A photograph showing trash and debris scattered across a desert landscape comes as part of a chain email that says it is an “eye-opener” from the Sonoran Desert region in Arizona, showing a trash-covered landscape:
According to chain emails and Facebook posts, thousands of backpacks, clothes, food wrappers, water bottles and soiled baby diapers were discarded by “illegal aliens” along a trail leading north to Tucson from the Mexican border:
The photograph was reportedly taken in 2007 by members of the now-disbanded Minuteman Civil Defense Corps, a self-styled “border watchdog group” co-founded by Jason “J.T.” Ready, a neo-Nazi who shot and killed his girlfriend, her daughter and granddaughter, the daughter’s fiancé, then himself in 2012.
The group apparently discovered the litter in 2007 while they were in the Sonoran Desert just south of Tucson, Arizona. The photo is real in that it was not digitally altered. However, it does come with a highly misleading description.
According to the group, people fleeing across the desert typically have backpacks full of clothing, food, and other supplies for their long trek to or across the U.S. border. When they arrive, they change into a clean set of clothes and leave everything else behind because there is not enough room in the packed vehicles used to transport them.
However, this is not entirely accurate on its face, and raises still more questions. This is indeed an area that is indeed frequented by people who are attempting to cross the border, but it is not clear how much of this comes from those crossing, how much comes from hikers, and how much is simply detritus that has gathered in a natural depression. How did they know how much trash came from any one particular group?
There are many reasons people leave clothing and backpacks behind that are not listed in the original email or the descriptions that have appeared since.
Because the border walls that separate the United States and Mexico cannot be built over much of the rugged terrain of the deserts the two countries share, the United States erected walls to the west to push people into the more forbidding desert region in a bid to discourage people from trying, and to incapacitate those who do try the arduous trek:
Sometimes people do simply leave their belongings there in order to begin their new lives. Sometimes they are too weak to carry their possessions from the rest stop because they are sick or dehydrated from their journey across the desert.
And often, their possessions are found alongside their remains.
There are some groups — such as Arizona’s Colibrí Center for Human Rights — that work to identify those who have died from the harsh elements so that they can notify their families in their home countries. As of June 2018, they had 3,000 open cases of people who went missing along the border:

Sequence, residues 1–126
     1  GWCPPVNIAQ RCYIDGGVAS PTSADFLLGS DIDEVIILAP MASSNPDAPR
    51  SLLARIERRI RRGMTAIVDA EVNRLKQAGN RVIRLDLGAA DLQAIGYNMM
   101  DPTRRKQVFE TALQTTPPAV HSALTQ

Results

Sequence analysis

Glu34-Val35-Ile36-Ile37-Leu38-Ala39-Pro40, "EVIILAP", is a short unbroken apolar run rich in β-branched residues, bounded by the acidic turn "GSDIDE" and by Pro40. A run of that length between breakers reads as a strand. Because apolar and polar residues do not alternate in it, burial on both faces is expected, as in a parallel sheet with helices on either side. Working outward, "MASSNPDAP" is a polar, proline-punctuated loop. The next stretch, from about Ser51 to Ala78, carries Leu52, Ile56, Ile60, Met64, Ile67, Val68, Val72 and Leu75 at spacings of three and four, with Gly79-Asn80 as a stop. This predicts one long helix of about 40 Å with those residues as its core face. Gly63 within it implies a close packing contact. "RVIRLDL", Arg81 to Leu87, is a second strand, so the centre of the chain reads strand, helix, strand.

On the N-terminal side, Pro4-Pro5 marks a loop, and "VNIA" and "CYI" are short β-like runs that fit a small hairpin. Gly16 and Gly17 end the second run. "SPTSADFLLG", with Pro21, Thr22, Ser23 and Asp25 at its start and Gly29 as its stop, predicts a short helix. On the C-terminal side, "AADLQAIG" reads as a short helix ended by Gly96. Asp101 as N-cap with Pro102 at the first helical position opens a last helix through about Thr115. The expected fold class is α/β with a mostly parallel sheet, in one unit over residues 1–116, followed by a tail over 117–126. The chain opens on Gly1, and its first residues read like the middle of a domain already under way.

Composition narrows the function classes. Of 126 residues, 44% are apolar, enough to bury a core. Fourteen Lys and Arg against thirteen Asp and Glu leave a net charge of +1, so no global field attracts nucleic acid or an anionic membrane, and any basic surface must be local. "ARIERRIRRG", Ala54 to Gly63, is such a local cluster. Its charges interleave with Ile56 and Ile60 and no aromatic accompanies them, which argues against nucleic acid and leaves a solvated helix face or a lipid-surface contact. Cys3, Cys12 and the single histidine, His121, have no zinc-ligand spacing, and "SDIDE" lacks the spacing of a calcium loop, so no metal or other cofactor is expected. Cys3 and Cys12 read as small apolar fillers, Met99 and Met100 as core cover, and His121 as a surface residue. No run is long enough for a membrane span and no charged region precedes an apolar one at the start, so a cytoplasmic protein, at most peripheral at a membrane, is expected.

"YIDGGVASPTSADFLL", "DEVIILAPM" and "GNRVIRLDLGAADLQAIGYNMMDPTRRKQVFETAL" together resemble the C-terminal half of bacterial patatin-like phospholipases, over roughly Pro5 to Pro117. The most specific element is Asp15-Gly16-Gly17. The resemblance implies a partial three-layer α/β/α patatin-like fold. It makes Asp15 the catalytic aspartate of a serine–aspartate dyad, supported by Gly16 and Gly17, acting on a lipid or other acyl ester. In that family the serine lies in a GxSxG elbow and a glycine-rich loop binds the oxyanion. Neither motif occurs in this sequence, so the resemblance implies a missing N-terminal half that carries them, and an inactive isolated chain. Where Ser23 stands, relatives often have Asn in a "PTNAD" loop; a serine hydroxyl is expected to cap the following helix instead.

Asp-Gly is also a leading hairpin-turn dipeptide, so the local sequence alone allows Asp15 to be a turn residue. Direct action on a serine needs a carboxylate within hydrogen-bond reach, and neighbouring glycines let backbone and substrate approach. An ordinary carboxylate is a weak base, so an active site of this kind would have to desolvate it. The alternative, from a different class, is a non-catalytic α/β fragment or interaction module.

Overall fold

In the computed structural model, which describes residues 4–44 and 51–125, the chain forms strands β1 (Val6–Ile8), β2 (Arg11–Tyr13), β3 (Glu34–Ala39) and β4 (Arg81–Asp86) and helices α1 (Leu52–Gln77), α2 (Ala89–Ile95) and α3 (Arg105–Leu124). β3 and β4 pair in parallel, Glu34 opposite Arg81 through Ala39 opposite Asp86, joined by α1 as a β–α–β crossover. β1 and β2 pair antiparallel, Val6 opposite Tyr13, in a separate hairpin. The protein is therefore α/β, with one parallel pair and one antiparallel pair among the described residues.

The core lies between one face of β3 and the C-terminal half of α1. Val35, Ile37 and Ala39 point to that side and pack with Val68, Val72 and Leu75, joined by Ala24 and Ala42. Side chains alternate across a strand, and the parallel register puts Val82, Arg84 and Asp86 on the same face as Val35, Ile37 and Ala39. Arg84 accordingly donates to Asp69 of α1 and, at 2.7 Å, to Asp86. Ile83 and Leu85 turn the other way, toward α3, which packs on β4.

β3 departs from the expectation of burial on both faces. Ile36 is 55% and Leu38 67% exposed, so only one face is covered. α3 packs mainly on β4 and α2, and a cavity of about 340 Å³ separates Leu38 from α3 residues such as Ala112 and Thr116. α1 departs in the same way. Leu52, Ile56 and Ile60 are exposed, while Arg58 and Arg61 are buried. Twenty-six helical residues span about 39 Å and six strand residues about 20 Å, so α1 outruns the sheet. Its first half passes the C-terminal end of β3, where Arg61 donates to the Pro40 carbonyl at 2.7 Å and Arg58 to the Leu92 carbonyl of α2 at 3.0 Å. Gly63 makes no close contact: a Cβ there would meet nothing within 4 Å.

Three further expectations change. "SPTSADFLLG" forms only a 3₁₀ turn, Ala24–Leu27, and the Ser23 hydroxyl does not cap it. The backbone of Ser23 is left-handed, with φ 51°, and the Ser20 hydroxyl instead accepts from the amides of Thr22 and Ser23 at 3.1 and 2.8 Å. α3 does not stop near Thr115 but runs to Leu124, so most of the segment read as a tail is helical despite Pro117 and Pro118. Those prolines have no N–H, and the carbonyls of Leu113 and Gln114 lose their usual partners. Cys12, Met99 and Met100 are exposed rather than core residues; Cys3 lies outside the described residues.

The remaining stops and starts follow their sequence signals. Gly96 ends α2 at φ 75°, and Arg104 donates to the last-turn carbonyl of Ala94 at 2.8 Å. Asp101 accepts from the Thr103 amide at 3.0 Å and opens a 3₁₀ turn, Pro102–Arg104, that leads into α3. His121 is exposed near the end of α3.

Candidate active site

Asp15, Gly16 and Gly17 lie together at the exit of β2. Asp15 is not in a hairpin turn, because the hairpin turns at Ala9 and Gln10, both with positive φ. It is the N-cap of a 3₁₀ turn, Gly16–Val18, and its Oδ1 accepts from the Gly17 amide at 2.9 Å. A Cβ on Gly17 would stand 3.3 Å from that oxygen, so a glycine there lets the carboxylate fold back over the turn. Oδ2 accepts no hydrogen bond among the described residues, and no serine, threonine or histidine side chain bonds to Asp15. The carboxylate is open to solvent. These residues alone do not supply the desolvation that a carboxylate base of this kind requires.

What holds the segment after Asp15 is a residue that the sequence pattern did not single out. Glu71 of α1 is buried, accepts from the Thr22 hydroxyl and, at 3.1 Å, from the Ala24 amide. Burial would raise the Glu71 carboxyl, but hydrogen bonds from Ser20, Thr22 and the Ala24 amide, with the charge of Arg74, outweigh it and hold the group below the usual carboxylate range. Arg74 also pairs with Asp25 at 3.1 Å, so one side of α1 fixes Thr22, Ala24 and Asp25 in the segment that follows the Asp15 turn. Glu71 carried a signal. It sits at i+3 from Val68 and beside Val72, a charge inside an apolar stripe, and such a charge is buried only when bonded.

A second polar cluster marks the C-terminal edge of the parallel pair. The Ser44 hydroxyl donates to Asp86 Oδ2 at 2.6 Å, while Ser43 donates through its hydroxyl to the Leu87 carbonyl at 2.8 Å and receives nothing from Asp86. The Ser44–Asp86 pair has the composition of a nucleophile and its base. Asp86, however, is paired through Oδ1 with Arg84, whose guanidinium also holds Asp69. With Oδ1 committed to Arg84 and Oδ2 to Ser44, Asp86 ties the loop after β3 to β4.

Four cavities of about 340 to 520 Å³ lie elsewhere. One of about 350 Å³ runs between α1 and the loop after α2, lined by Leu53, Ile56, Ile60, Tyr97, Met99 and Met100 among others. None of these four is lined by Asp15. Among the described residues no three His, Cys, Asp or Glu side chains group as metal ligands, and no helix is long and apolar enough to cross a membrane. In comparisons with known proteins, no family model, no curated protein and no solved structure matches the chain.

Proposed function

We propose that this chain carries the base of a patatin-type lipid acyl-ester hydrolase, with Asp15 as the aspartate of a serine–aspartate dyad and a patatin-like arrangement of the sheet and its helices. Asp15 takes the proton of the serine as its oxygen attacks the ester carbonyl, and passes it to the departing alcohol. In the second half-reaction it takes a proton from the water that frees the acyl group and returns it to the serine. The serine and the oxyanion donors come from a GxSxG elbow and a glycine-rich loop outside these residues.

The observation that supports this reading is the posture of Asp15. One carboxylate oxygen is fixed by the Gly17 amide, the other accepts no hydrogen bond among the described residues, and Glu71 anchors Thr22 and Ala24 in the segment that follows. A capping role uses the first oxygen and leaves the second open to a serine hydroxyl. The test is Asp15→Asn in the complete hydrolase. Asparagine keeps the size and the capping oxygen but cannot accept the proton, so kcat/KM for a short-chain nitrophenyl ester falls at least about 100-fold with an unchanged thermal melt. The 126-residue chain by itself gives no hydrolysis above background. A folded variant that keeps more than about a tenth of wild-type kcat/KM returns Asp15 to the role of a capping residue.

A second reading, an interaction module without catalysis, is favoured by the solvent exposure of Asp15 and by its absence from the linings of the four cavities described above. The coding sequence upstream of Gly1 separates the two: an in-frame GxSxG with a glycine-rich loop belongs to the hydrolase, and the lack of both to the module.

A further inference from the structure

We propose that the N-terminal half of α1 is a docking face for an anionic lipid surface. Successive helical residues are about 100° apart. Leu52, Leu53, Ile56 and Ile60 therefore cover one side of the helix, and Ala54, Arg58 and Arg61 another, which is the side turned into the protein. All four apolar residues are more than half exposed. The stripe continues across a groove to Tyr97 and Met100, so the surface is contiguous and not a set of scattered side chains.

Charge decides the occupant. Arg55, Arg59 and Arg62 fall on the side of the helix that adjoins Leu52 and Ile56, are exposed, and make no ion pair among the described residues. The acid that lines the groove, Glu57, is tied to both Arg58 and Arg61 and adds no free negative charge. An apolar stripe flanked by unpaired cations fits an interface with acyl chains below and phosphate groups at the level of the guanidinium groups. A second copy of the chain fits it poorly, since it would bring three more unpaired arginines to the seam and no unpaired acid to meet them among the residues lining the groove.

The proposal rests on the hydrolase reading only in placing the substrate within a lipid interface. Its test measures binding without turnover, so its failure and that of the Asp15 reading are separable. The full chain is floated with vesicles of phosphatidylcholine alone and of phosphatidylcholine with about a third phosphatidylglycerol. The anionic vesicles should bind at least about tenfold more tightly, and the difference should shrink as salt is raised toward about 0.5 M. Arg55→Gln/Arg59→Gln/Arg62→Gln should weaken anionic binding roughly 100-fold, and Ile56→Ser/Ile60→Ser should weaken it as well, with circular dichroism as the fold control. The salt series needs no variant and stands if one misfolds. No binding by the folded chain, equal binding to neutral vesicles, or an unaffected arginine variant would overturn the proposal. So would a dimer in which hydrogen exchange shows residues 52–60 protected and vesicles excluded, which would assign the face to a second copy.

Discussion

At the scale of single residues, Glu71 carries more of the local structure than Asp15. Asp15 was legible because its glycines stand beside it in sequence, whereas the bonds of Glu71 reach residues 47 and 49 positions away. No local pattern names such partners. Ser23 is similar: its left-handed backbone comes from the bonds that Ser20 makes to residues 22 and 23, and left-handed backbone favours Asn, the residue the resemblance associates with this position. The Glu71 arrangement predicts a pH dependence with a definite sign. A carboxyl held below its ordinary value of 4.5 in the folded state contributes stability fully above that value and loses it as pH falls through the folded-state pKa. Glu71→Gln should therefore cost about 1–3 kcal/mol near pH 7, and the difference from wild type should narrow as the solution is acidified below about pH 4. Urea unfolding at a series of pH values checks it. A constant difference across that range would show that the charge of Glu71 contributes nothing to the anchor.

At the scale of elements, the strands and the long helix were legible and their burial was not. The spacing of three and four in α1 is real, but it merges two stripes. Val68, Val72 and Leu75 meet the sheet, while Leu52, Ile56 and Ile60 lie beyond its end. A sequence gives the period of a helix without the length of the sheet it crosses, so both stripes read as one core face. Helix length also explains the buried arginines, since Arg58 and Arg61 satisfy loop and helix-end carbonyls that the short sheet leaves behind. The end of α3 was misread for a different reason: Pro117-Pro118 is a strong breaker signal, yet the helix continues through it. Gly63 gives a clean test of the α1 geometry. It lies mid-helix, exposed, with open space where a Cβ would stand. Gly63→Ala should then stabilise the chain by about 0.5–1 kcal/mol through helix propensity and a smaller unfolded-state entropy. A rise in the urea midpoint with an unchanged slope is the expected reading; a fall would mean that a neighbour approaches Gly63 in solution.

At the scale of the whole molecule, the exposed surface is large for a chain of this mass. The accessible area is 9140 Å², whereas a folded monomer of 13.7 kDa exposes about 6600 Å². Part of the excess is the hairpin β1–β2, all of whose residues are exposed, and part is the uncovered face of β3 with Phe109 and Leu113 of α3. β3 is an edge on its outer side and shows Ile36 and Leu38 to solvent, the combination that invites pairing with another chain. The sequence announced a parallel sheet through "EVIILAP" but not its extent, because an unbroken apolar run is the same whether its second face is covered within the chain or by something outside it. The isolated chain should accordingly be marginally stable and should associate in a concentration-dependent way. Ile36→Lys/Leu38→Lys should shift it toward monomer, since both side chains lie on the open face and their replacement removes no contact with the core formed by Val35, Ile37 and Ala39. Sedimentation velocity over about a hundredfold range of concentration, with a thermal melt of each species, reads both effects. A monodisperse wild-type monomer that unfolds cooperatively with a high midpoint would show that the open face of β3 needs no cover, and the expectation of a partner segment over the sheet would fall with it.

The remains of nearly 2,900 people have been recovered along the Arizona-Sonora border in the past two decades and of more than 10,000 along the entire U.S.-Mexico border.
The deaths and disappearances have continued unabated, said Eric Peters, deputy chief medical examiner for Pima County, who joined the office in 1998. “It peaks and valleys, but it still remains a problem.”
The Border Patrol blames smugglers who guide migrants through more isolated and perilous terrain, who tell them to run if they see an agent and leave them behind if they can’t keep up.
To [Colibrí executive director and co-founder Robin] Reineke, though, it is a painfully under-resourced humanitarian crisis that needs to be documented.
The remains recovered in the desert are often decomposed, at times just skeletons, and there’s a lack of valid ID in most cases. A positive identification is very challenging, Peters said.
At the medical examiner’s office they often resort to X-rays, alternative techniques to get fingerprints, as well as internal findings such as the presence or absence of an appendix or gallbladder to make note of anything that can help narrow down the search when a family reaches out, Peters said.
Still, more than a third remain unidentified, some from as far back as from 2000.
Human rights activists also regularly leave water and food at points along the paths used by people fleeing from violence and harsh economic conditions so that at the very least, people will not die of hunger and thirst:
These bottles of water are often kicked over, slashed to bits, or emptied by border agents or their supporters (such as the aforementioned “border watchdog groups”) who then leave the empty bottles in the desert in order to further discourage the already dehydrated — essentially condemning those most at risk to death.
This eRumor began circulating in 2007 and regularly goes viral. The photos are passed on by supporters as one of the reasons they justify harsher immigration laws, but without the additional context of who else frequents these areas and why. That led to an inaccurate interpretation of migrants as sneaky scofflaws, condemning people without evidence for purportedly trashing a pristine desert rather than asking what might motivate them to take a long and terrifying journey at great personal risk across one of the most forbidding terrains on the planet toward an uncertain future.